Tom Wolfe, Sharp-Eyed Observer of the Art World, Dies at 88
Art Business

Tom Wolfe, Sharp-Eyed Observer of the Art World, Dies at 88

Tom Wolfe. Tom Wolfe, the writer famous for his stylish analyses of various cultural phenomena, died yesterday at 88, according to the New York Times . Wolfe had, over the course of his career, made major contributions to the field of journalism and literature, writing such important books as the novel Bonfire of the Vanities (1987), a gimlet-eyed takedown of upper-class New York society, and The Electric Kool-Aid Acid Test (1968), a nonfiction book that contended with hippie culture during the ’60s. He also penned one of the most important art books of the 20th century: The Painted Word (1975), an essential tome that argued that, in the transition between modernism and what would ultimately be called postmodernism, during the 1950s, ’60s, and ’70s, a group of critics had made it so that artworks mattered less than the texts that were produced surrounding them. Words, in his view, became more important than objects. Here is one of the book’s most excoriating passages, from its introduction: All these years I, like so many others, had stood in front of a thousand, two thousand, God-knows-how-many thousand Pollocks, de Koonings, Newmans, Nolands, Rothkos, Rauschenbergs, Judds, Johnses, Olitskis, Louises, Stills, Franz Klines, Frankenthalers, […]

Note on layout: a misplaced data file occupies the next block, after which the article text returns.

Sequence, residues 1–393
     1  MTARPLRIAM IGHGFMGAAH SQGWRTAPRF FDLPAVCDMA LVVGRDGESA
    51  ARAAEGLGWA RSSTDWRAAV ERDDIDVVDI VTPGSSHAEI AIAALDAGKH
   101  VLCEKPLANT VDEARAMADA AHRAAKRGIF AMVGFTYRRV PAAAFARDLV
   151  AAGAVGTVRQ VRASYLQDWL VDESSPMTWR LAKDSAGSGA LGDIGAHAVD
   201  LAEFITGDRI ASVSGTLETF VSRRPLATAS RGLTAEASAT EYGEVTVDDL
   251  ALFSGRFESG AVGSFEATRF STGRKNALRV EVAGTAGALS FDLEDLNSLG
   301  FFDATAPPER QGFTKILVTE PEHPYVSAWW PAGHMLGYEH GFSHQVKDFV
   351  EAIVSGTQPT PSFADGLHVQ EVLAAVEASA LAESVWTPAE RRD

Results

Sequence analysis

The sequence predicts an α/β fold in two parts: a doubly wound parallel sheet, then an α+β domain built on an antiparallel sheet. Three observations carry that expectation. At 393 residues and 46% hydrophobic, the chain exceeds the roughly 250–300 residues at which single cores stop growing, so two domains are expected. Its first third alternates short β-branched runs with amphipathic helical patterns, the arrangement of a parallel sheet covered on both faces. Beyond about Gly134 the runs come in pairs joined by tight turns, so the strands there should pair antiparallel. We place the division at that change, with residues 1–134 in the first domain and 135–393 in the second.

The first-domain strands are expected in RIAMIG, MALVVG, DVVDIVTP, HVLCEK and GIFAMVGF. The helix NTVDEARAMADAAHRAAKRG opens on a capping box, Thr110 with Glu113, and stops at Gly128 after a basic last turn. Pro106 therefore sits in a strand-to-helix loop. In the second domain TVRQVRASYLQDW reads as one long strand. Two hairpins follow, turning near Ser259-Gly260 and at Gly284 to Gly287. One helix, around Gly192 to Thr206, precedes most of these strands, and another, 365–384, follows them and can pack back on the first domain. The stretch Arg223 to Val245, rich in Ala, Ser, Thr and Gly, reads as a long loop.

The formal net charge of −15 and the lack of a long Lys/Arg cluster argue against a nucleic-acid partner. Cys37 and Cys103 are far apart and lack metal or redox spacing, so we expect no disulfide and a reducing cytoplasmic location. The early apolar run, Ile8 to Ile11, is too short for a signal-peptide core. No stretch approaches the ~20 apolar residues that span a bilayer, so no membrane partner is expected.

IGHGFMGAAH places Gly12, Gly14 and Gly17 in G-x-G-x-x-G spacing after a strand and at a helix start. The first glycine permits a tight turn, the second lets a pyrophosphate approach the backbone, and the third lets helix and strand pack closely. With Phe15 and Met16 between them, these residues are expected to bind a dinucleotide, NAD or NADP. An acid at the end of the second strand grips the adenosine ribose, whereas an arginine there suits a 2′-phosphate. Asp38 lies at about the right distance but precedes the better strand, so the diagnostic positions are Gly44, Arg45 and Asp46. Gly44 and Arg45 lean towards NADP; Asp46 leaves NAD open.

Tags

OrangeniusInc Tweets